New York state is forging ahead with hundreds of miles of new high-voltage power lines, the kind of push that clean-energy advocates would like to see copied nationwide.
Long-distance transmission is an essential if unglamorous part of strategies to replace fossil-fuel power plants with non-emitting sources. Large solar and onshore wind farms sit on rural land and need a conduit to energy-hungry cities.
Targeting 70 per cent renewable electricity by 2030, New York has one of the most aggressive climate laws in the US. It could provide a template for Joe Biden’s plan to remove carbon from US power by 2035. The president-elect picked New York climate policy chairman Ali Zaidi as his deputy national climate adviser, a sign of the state’s influence.
Last week New York opened bidding for at least three transmission projects including a 330-mile line running from the Canadian border to New York City. Other projects breaking ground this year will add the first major new transmission lines since 1978, said Gil Quiniones, chief executive of the New York Power Authority, a state-owned utility.
“This buildout is just unprecedented,” he said. “The sheer amount and magnitude of these transmission projects will completely change the grid.”
More power lines are a priority for renewable energy advocates. A study by Americans for a Clean Energy Grid, an industry coalition, found that expanding transmission in the eastern US would stoke growth in wind and solar generation and drive customer bills down a third by 2050.
In New York, almost 90 per cent of the electricity consumed upstate already comes from zero-carbon sources such as hydropower, nuclear, solar and wind, according to the New York Independent System Operator (Nyiso). But congestion on the way to New York City means that fossil fuels generate 69 per cent of its electricity.
“If the state is going to satisfy the renewable energy mandates that are in the law, transmission absolutely has to be built out,” said Conor Bambrick, director of climate policy at Environmental Advocates NY.
But long-distance transmission towers have often been fought by landowners and states that do not stand to benefit. New York’s projects lie within its borders, but the state also contains “dense, complicated, populated regions,” Andrew Cuomo, New York’s governor, said in a speech last week. “Building transmission capacity is not as easy as it sounds.”
One solution is to put offshore wind farms in the ocean, away from homes and connected to land by an undersea cable. New York last week awarded the Norwegian energy company Equinor and its partner BP contracts to develop two wind projects totalling 2.5 gigawatts of capacity in waters off the Atlantic coast.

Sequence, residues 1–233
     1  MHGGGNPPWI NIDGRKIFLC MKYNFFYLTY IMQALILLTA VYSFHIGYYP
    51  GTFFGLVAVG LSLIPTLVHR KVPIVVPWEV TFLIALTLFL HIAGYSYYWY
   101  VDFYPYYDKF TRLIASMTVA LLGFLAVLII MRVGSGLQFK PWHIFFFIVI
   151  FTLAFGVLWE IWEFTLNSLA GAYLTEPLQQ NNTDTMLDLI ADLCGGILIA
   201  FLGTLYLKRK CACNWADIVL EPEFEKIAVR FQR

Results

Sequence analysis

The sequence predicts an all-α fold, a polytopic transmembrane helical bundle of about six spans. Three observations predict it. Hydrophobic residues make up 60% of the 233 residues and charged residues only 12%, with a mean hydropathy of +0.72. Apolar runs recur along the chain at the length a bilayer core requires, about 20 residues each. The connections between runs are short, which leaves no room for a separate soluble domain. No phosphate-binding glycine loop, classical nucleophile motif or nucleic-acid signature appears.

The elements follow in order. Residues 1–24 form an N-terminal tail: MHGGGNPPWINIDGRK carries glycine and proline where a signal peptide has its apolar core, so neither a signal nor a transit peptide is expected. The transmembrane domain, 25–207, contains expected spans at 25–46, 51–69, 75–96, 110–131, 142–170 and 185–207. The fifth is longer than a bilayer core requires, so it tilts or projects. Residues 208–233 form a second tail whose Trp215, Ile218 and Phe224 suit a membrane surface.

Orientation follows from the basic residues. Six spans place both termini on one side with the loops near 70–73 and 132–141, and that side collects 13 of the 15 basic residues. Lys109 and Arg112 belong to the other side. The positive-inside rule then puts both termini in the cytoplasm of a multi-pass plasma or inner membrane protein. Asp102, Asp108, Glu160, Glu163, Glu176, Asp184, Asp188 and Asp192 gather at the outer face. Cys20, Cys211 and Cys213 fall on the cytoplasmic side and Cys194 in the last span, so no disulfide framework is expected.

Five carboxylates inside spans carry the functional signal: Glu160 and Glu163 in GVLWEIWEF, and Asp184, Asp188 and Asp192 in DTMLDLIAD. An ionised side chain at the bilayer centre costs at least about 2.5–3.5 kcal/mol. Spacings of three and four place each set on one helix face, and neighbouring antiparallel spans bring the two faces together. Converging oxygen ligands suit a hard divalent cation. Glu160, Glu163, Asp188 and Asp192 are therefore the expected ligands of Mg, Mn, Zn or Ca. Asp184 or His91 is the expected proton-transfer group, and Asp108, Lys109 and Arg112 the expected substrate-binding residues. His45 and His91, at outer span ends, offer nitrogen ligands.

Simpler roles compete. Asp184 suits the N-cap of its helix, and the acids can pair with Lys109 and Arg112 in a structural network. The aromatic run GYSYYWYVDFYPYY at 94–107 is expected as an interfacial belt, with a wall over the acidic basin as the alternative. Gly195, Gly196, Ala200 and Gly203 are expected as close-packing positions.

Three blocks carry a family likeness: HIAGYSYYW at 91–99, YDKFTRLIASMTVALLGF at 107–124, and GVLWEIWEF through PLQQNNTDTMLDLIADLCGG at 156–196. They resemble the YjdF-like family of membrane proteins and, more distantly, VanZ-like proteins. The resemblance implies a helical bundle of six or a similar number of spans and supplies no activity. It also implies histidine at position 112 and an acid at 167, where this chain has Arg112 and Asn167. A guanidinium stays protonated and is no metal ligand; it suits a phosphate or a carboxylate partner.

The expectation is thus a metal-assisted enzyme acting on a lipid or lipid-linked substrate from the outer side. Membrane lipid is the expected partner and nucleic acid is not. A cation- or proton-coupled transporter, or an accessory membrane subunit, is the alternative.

Onshore, New York is trying to avoid conflicts by installing new wires in existing transmission corridors or burying them. The capacity will be necessary as “the existing transmission grid would be overwhelmed by the significant renewable capacity additions” that are planned, the grid manager Nyiso concluded in a study. Last week alone the state awarded contracts to 21 solar projects totalling 2.1GW within its borders.
A 1.2GW transmission line proposed by LS Power, an independent power producer, would run underground and under the bed of the Hudson river from the Catskill Mountains to New York City.
“It will have the ability to catalyse and unlock a lot of the shut-in renewables” upstate, said Clint Plummer, chief executive of LS’s Rise Light & Power subsidiary. “There’s a great deal of wind and solar that simply need to access customers.”
Blackstone, the private equity group, owns a company that a decade ago proposed the Champlain Hudson Power Express line to deliver 1GW of power from Canadian dams to New York City. The project’s 330-mile path matches the one described by state officials, though it has not been officially endorsed.
Blackstone-owned Transmission Developers and Hydro-Québec said the project was permitted and ready to begin construction this year. “The combination of clean energy with carefully sited transmission promises to reduce harmful pollutants and the city’s dependence on fossil fuels, while creating thousands of jobs for New Yorkers,” the companies said.
Canadian hydropower would compete with power plants inside New York. The Independent Power Producers of New York association has attacked the project, releasing a report with the environmentalist Sierra Club which claimed that Champlain Hudson would divert Hydro-Québec’s electricity from other markets and fail to reduce emissions. Hydro-Québec is also poised to send 1.2GW to Massachusetts after the utility Avangrid began construction last week on another new transmission line through the woods of Maine.
Transmission Developers and Hydro-Québec rebutted the report, arguing that New York’s independent power producers lacked credibility because their fleets included units fired by natural gas.